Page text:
A previous study showed that 93% of adults with diabetes in the U.S. population have some form of health insurance, and 52% have multiple sources of insurance (1). An important but unanswered question is whether the source and nature of health insurance influences access to care, quality of care, and health status and outcomes for patients with diabetes. To investigate this issue, we analyzed data from the third National Health and Nutrition Examination Survey, which included a representative national sample of 721 adults aged ≥65 years with diagnosed diabetes who had Medicare health insurance coverage. Structured questionnaires and clinical and laboratory assessments were used to determine whether they had private health insurance and the frequencies of physician visits, screening for diabetes complications, and treatment and control of hyperglycemia, obesity, proteinuria, hypertension, and dyslipidemia.

Of all patients, 26% were not covered by private health insurance. These individuals were more likely to be of minority race and ethnicity, to have less education and lower income, and to be covered by Medicaid. They were similar to those with private insurance regarding health care access and utilization, including having a primary source of ambulatory medical care (97 vs. 98%), having a primary physician at this source (92 vs. 95%), attending four or more physician visits in the past year (81 vs. 73%), using diabetes therapy (78 vs. 74% using insulin or oral agents), taking at least three prescription medications (66 vs. 65%), and receiving blood pressure screening in the previous 6 months (91 vs. 94%). However, lower proportions took two or more insulin injections per day (31 vs. 56%), self-monitored their blood glucose (23 vs. 42% for insulin users), had an eye examination in the past year (63 vs. 75%), had their cholesterol checked (65 vs. 80%), or were treated for their hypertension (72 vs. 87%) or dyslipidemia (25 vs. 50%).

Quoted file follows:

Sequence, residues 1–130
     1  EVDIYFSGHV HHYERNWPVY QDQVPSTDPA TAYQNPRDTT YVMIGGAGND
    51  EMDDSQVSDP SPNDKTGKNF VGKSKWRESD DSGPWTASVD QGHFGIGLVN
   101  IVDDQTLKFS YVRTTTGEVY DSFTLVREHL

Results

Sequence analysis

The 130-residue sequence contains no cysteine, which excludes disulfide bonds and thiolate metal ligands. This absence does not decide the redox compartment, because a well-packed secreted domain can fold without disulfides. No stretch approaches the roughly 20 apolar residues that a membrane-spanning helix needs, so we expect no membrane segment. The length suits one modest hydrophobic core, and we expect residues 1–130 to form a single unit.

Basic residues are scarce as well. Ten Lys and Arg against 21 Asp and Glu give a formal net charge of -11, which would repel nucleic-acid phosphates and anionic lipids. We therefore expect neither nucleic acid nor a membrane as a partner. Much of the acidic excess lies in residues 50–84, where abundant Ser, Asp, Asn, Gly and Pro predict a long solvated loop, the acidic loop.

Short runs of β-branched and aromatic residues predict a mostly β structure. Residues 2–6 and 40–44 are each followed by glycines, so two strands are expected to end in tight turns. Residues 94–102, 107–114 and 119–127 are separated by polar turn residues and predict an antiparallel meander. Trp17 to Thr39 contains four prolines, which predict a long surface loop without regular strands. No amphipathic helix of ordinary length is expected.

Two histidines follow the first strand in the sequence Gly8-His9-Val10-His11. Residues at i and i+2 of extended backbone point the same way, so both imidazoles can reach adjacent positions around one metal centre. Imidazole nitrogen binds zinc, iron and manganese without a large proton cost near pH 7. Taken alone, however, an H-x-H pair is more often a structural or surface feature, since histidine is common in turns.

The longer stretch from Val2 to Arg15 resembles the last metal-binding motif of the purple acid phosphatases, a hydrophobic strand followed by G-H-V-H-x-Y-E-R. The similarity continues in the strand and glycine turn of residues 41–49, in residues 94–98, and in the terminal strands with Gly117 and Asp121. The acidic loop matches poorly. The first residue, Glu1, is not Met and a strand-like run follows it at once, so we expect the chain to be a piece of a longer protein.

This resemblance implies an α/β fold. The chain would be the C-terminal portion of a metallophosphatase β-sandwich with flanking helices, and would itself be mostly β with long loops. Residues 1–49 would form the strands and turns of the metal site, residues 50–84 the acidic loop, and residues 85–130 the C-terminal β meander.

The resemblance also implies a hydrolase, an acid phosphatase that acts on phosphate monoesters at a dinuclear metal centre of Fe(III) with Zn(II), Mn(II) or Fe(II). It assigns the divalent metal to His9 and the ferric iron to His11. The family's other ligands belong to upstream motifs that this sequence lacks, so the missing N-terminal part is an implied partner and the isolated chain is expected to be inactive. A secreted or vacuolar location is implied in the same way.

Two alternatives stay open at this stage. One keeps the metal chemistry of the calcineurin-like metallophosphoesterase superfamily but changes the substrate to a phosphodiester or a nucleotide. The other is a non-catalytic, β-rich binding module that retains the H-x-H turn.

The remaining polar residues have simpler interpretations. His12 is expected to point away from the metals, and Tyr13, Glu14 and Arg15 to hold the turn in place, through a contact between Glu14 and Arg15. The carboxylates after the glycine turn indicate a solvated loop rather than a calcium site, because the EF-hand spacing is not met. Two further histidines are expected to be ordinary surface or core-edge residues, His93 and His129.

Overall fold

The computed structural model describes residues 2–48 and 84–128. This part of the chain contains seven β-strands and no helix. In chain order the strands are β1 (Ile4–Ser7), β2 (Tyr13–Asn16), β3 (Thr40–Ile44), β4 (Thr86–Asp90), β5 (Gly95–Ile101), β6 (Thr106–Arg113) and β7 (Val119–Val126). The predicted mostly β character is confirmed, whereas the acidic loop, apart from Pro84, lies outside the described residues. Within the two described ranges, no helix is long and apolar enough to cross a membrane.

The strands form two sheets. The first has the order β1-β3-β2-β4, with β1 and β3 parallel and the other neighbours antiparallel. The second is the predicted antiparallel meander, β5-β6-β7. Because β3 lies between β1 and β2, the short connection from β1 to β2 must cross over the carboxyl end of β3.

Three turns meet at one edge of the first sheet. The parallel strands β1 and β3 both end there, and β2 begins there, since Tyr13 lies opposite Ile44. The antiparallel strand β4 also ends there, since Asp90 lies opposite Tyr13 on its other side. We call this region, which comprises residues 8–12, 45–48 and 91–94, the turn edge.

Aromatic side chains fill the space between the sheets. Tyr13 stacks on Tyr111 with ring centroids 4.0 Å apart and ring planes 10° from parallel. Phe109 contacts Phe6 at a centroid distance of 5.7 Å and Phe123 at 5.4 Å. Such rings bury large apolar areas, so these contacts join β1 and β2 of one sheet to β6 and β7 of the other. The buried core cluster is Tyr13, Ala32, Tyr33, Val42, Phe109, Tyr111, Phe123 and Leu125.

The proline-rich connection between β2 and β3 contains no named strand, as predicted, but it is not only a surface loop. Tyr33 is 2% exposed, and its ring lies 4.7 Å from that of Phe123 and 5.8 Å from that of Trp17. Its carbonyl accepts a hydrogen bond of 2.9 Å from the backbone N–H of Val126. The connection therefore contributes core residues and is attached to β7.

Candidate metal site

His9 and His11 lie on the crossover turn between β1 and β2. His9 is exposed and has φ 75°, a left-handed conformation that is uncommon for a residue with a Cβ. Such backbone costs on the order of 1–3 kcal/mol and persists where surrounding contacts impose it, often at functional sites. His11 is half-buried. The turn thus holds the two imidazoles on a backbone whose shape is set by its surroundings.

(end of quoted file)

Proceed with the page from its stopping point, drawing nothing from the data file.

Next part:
Despite these differences in indicators of health care access and use, there were few differences between those without and with private insurance in clinical indicators of health status, including blood glucose and blood pressure control, obesity, proteinuria, and lipid levels. These indicators of health status included HbA1c >7.0 (56 vs. 54%), microalbuminuria or clinical proteinuria (43 vs. 38%), BMI >30 kg/m2 (men 20 vs. 18%, women 34 vs. 40%), undiagnosed hypertension (≥140/90 mmHg, 16 vs. 8%), diagnosed but uncontrolled hypertension (43 vs. 45%), total cholesterol ≥240 mg/dl (35 vs. 33%), LDL cholesterol ≥130 mg/dl (56 vs. 46%), HDL cholesterol >45 mg/dl (47 vs. 58%), and triglycerides ≥200 mg/dl (36 vs. 41%). Adjustment for sociodemographic differences (age, sex, race, education, and income) and for Medicaid coverage status did not alter these findings.

In conclusion, there are some differences in sociodemographic characteristics and in health care access and use between diabetic patients who have and do not have private health insurance to supplement their Medicare coverage. However, there are few differences in clinical health status between these two groups, and the health status of patients with diabetes who are covered by Medicare does not appear to be improved by having private health insurance.

Harris MI: Racial and ethnic differences in health insurance coverage of adults with diabetes.
Diabetes Care

Address correspondence to Dr. Maureen I. Harris, 6707 Democracy Blvd., Room 695, Bethesda, MD 20892-5460. E-mail: mh63q@nih.gov.